Alex Trebek is celebrating his 30th year as host of Jeopardy! this year, and despite rumours, he has no firm retirement plans. In an age of gross-out reality shows, Trebek and Jeopardy! both remain this: What is classic? In Toronto to promote the show, Trebek, 72, sat down with The Globe and Mail’s Dave McGinn to discuss the show’s longevity and what his Jeopardy! anecdote would be.
What’s the key to being a good host?
Understand your role in the success of the program. Your role is to provide the best possible way for the contestants to do well. In some sense, you’re a traffic cop, but in others, you’re a booster.
Do you think your personality has been right for Jeopardy!
I’ve been told that many times, and on a personal level I think my personality suits a show like Jeopardy!
People must think you know everything. How often do people try to test your knowledge?
Very seldom. They did in the first couple of years of Jeopardy! It didn’t bother me. I was lucky enough to know the correct responses to a lot of the questions they were throwing my way. Now, no one challenges me. They understand that the material is prepared by writers. I think people think I’m fairly bright. I’m not a genius, but I didn’t just fall off the turnip truck.
What would you like to do after Jeopardy!
I don’t know. I don’t make those kinds of plans. Based on what’s happening here, my wife likes Toronto, I could retire, come back to Toronto, maybe run for public office of one kind or another.
You had a heart attack in 2007 and another in 2012. How is your health now?
Fine. I had an EKG a few months back and my heart has healed itself from the last heart attack.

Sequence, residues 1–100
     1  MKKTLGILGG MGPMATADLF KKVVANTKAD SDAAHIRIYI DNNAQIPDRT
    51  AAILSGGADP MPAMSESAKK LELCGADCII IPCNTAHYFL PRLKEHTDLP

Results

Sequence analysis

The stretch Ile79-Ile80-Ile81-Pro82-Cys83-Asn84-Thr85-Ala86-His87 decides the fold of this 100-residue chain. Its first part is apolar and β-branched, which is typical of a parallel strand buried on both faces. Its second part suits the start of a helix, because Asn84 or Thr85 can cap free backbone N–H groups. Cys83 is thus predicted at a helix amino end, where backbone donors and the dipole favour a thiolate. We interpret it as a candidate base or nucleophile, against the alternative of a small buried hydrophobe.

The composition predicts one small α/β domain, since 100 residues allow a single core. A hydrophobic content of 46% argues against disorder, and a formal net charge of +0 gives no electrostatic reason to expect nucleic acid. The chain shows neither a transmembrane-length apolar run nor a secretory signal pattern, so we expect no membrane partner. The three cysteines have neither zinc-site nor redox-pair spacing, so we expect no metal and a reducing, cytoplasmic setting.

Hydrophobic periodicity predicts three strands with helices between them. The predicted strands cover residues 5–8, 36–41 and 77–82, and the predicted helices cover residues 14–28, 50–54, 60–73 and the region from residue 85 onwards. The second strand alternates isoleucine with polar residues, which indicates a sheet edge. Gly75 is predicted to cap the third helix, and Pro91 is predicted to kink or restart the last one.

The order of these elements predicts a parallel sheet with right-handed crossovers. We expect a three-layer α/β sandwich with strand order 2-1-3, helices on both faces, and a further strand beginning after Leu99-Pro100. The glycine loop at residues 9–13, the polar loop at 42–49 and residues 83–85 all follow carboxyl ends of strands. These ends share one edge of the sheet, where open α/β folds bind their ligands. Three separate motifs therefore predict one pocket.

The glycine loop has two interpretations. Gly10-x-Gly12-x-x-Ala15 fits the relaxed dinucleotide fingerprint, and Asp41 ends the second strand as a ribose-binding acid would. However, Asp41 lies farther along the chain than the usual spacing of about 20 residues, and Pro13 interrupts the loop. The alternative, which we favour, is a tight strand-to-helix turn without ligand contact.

Contestants on Jeopardy! always tell an anecdote about themselves during the show, a small story that illuminates who they are. What would your Jeopardy! anecdote be?
My anecdote would probably be that I plan good family vacations. I just took the family to Vancouver and then up to Alaska on a cruise. A year ago I took them to Antarctica. I’ve taken them on the Yangtze River, I’ve taken them up the Nile. Kids like it when I plan vacations because they usually turn out to be good trips.
Do you think about retirement?
I’ve thought about it on a number of occasions, but I haven’t made any definite plans or definite decisions.
Could anyone replace you?
Sure. All of us are replaceable. While the person who replaces me might not be readily accepted by the viewers initially, in a very short time he or she would win them over.
What do you think of the current crop of game shows?
We don’t embarrass our contestants. We’re not out to demean our participants. I’m sometimes amazed at how willing people are to subject themselves to all kinds of indignities in order to achieve their 15 minutes of fame.
Why do you think Jeopardy! has succeeded the way it has, and why do you think you have succeeded the way you have?
I think I’m a nice person and I am perceived by the viewers as being a nice person who is on the side of the contestants, and who genuinely wants the contestants to succeed. The show succeeds because we’re all very competitive. We want to know how we compare to other people in terms of intelligence, and Jeopardy! provides you with an opportunity to do that.
This interview has been condensed and edited.Report Typo/Error